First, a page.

James Weldon | photo by Deej Spicer | courtesy of the artist

It’s always great to discover good music from local artists. You get to see a seed of talent grow and watch how the artists evolve with their music, seeing how long their progression takes, and seeing how they turn out throughout the four seasons.

Philadelphia’s P.UR.E., Presence Unifies Rap Everywhere, has always been a hip hop artist/producer with raw talent, but after the release of his 4th project Silence Is The Enemy it seems that P.U.R.E. has evolved into James Weldon, a more confident MC who possesses the ability to be open and pour more emotion on his lyrics making the connection between the listener and his music stronger.

I recently was able to sit down with local MC and discuss the evolution of his music, his recent EP Silence Is The Enemy, and his upcoming jam session / open mic The Juice Jam, which happens tonight.

The Key: The last time I wrote about you, you were a rapper named P.U.R.E. who was tired of being slept on. Two years later P.U.R.E., Presence Unifies Rap Everywhere, evolved into James Weldon, a hip hop artist who performed at last years A3C & recently dropped a dope EP called Silence Is The Enemy. Why did you feel the need for a change in your career, and describe the evolution of P.U.R.E. to James Weldon?

James Weldon: I wanted to be more personable. I wanted to really be able to explain who I was, not just as an artist but as a individual. I wanted my music to reach not just other artist or people who love hip hop, but just the normal person who has a 9-5 or who’s going through different things. I wanted to be able to reach more people because I knew that I had that ability being James Weldon rather than being a persona that I felt was needed in the industry. That just came from experience and seeing how everything was going. Years of being P.U.R.E. wasn’t as fruitful as it needed to be because I wasn’t necessarily being myself. It was me trying to keep up with everything that was going on with everybody else, trying to fit in, and finding your own puzzle piece instead of just creating your own puzzle.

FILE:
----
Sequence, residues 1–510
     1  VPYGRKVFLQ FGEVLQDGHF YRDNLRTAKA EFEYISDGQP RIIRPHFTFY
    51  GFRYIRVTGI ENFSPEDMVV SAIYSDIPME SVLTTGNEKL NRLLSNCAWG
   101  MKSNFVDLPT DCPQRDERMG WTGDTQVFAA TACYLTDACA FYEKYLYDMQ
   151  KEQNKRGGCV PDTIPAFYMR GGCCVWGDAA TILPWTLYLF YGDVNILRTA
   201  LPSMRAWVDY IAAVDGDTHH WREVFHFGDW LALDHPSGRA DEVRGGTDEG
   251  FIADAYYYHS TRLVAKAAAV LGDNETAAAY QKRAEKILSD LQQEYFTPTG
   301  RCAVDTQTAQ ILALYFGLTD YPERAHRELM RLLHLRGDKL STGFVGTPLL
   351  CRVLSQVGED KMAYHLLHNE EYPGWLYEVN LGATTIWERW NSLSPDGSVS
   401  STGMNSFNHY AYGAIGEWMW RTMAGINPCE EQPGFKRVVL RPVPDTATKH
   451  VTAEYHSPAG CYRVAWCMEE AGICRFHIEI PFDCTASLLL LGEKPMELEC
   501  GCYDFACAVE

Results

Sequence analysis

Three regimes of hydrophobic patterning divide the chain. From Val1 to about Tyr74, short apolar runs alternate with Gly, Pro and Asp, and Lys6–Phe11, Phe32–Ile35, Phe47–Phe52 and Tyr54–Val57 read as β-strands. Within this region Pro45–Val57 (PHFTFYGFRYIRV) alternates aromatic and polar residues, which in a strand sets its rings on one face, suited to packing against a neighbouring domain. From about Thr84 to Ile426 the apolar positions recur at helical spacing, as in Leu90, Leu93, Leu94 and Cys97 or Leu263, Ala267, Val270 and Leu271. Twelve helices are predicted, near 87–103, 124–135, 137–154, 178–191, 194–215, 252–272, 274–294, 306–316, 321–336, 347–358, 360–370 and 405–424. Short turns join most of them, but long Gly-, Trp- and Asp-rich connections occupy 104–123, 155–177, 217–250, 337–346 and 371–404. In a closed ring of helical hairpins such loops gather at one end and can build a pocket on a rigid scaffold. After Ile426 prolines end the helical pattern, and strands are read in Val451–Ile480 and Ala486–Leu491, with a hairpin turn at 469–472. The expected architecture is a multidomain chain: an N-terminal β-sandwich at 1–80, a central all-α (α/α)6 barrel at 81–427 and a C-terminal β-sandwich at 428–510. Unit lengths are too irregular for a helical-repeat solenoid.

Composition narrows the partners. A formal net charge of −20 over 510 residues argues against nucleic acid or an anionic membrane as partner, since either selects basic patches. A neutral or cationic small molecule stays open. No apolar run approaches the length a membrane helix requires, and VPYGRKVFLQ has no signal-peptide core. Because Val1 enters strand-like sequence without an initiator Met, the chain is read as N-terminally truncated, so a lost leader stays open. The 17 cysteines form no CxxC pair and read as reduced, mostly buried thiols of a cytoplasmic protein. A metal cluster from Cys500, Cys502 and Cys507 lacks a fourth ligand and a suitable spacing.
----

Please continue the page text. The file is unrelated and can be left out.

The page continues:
TK: The one thing about Silence Is The Enemy is that you can feel the emotions the lyrics better than you can from your past projects like Proceed, Summer 23 and Black Heart Season. What made James Weldon more personal and open in his music than P.U.R.E.?

JW: I think I hold the same presence in my music, but the content that I speak about as James Weldon is me. It’s not the rapper side, it’s just me period, you know what I’m saying? There’s no difference between James Grimes, James Weldon, and P.U.R.E. anymore. It’s just James Weldon, that’s just what it is, that’s just who I am. I think when I was P.U.R.E. it was really just about pushing the culture and putting this pressure on myself to be this superstar, and now I just want to put out the best music possible because it may not be here tomorrow, anything can happen.